For centuries, scholars have argued that envy is the source of much aggressive behavior as well as the root cause of much unhappiness, but it is only recently that there have been attempts to examine the emotion from an empirical perspective. This book is the first of its kind to offer a comprehensive summary of current theoretical and empirical work on envy provided by scholars from a range of disciplines. The first section of the book focuses on the rich theological, philosophical, and evolutionary foundations of scholarly thinking on envy. The second section covers the social psychological work on envy and includes chapters on social comparison processes, definitional challenges, the link between envy and schadenfreude, intergroup envy, and fear of envy. The third section covers research on envy from organizational psychology, experimental economics, marketing, neuroscience, and anthropology. The fourth section focuses on the implications of understanding envy for physical and mental health with chapters on psychoanalytic conceptions of envy, health psychology, and the challenges of coping with envy.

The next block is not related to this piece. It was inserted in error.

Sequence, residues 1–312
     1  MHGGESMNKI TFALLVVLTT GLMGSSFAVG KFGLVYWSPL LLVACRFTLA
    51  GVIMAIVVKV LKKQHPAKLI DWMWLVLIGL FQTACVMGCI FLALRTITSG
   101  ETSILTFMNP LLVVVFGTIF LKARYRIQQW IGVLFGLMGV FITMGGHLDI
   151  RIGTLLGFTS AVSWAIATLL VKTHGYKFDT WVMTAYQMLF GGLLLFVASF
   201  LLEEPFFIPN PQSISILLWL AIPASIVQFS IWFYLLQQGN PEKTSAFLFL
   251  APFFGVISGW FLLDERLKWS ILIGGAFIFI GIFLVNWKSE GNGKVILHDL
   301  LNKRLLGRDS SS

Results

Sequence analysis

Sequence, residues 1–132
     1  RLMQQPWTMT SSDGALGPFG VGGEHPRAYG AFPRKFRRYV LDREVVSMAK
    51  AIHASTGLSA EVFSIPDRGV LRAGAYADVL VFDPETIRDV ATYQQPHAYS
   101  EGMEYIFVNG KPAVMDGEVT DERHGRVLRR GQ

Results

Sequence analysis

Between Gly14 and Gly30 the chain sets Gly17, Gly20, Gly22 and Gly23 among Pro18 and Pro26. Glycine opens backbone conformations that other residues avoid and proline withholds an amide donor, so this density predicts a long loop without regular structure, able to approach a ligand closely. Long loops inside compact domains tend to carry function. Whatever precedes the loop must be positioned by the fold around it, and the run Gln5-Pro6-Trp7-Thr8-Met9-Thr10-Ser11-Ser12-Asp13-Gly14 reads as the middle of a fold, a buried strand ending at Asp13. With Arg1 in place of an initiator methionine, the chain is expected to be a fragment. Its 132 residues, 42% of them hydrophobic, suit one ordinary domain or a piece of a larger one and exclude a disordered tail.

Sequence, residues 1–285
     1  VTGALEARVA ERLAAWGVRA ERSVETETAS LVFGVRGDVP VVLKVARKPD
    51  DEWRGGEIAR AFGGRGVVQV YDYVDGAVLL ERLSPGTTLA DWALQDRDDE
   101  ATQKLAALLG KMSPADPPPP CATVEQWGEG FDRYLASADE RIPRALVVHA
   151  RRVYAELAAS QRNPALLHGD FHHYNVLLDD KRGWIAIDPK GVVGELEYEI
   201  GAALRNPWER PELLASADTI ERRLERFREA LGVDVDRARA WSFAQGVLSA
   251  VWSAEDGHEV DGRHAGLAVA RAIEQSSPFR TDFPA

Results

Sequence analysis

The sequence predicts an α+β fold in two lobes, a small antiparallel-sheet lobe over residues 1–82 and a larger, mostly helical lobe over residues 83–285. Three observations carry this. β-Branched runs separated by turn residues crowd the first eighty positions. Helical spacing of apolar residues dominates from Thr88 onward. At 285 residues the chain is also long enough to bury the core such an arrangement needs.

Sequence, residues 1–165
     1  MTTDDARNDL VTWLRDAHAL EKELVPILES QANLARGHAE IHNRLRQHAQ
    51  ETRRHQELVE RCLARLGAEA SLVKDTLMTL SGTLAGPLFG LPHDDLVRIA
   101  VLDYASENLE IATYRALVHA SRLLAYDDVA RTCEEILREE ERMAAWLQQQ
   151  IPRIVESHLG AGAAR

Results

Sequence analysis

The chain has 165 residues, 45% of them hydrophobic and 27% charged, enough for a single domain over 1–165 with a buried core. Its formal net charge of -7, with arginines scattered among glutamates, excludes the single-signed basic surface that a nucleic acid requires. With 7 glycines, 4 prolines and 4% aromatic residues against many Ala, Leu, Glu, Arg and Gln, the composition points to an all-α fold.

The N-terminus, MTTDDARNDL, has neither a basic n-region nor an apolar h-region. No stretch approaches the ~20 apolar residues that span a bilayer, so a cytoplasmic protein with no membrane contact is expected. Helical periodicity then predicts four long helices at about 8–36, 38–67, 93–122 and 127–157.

A final chapter consists of reflective comments on all the chapters and brings together recurring themes and makes suggestions for future research on envy.